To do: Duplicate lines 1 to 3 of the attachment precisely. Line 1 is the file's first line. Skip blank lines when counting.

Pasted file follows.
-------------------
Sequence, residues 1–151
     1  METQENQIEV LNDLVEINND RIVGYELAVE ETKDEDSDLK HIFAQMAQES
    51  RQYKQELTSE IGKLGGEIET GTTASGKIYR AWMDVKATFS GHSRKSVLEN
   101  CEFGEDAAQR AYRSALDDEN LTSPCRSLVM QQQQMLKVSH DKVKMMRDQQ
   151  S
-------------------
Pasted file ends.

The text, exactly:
Sequence, residues 1–151
     1  METQENQIEV LNDLVEINND RIVGYELAVE ETKDEDSDLK HIFAQMAQES
    51  RQYKQELTSE IGKLGGEIET GTTASGKIYR AWMDVKATFS GHSRKSVLEN